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August 4, 2005

PLANS - accurate? Responses and comments thereon

Dan Dugan quoted me (8-3, on WC)

Like most of the material on the PLANS site, the above remarks are not
backed up by any citations or documentation.

and then responded:

The claims made on Waldorf web sites are backed
up by citations and documentation?

PLANS claims, more than once, to be presenting the results of "research." Research can be (and should be) backed up by citations and documentation.

Next I offered an example of 4th graders doing original designs in craft class. Dan responded:

OK, DK got us. Any categorical statement like
"fourth graders embroidering a purse must all use
the same pattern" is bound to be falsified by one
counter-example.

There are a lot of categorical statements on the PLANS website. I plan to spend the next few months falsifying them one by one. Unless Dan would like to change all the categorical statements into something less absolute?

Dan continues:

Of course not. My son's teacher, for example,
wasn't rigid at all. But you know, Detlef, that
it's the rule in the early grades that all the
kids do the same art. This smoke screen is too
transparent.

How about adding the word "usually" before
"fourth graders"? Would that be sufficient
qualification?

Unfortunately he starts directing his comments to Detlef, who is an innocent bystander. Detlef simply copied my post to share with the WC.

Now Dan does raise an interesting point. Kids do similar artwork in the early grades. What is this about? Does something sinister lurk (weird music please)?

It is mostly about mastering technique. When I joined a waldorf class, in the 8th grade, everyone could draw really well: except me. As the beneficiary of many different public schools across several states I'd never learned how to draw. Once someone learns how to draw pictures it is quite difficult to keep them from drawing anything they want to draw. I know one waldorf kid who does super-heroes (exquisitely). However, if you never learn the basic techniques, only the kids with a natural, god-given (or hereditary) talent will be able to draw well. Same thing applies to painting, knitting, crochet, sewing, embroidery, felting. Before you can be creative you need to master the basic techniques.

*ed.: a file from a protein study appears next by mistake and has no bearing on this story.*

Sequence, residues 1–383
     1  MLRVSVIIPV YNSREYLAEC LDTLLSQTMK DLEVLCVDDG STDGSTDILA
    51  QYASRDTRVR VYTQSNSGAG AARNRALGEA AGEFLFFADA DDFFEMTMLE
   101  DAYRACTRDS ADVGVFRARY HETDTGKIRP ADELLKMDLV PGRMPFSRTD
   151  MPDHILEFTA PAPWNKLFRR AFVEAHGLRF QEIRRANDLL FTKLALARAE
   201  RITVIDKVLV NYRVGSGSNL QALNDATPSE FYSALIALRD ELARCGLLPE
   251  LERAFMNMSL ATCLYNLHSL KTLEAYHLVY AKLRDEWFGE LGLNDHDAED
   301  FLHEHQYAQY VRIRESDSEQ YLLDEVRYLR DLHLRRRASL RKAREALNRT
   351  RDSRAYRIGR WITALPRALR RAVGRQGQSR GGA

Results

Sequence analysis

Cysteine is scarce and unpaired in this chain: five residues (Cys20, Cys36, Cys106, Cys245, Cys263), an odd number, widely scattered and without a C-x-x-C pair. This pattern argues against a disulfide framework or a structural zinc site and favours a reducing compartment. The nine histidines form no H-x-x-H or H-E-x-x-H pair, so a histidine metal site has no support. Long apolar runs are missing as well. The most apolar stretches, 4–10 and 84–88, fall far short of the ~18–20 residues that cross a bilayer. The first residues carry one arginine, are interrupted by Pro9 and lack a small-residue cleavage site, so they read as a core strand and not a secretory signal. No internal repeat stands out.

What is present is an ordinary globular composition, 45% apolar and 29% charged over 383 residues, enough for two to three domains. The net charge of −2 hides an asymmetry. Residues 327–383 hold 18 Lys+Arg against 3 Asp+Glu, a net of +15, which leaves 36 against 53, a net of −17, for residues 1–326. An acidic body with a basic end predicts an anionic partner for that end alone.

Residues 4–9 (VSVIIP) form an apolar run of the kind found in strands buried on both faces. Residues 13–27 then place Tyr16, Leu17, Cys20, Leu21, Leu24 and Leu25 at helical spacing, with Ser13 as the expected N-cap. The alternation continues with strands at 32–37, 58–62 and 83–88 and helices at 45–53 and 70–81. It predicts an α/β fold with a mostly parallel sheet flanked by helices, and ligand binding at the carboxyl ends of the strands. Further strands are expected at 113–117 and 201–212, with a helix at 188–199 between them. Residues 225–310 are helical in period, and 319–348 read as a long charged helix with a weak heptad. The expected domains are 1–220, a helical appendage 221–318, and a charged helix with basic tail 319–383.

My daughter learned how to knit in the first grade. Everybody knitted the same projects (but hey, they did get to choose their colors). Knitting was revisited in the third grade where everyone made hats and the super knitters got to make scarves too. This time they got to choose two colors and figure out their own stripe arrangement. Knitting was revisited again in (5th?) a higher grade where they did a project involving knitting in the round on multiple needles.

You can, I hope, see the development here. Increasing skill level, increasing complexity, increasing design freedom. My daughter, as an adult is a highly skilled knitter, capable of figuring out almost any pattern and also quite capable of designing a knitted item from scratch. She can work with incredibly complex color arrangements, too. One vest she created is such a work of art that no one ever believes she made it herself.

If you believe that the foundation to artistic creativity is handing kids a blank piece of paper and some crayons, then waldorf indeed stifles artistic creativity. So do all the art classes in the world because all of them (whoops, I'm getting categorical) involve training in technique. This applies to music, singing, drawing, painting, composing, dance...

Enough.

I'll continue my comments on Dan's and Walden's responses tomorrow or perhaps Saturday.

DK

Posted by Deborah at August 4, 2005 1:38 PM

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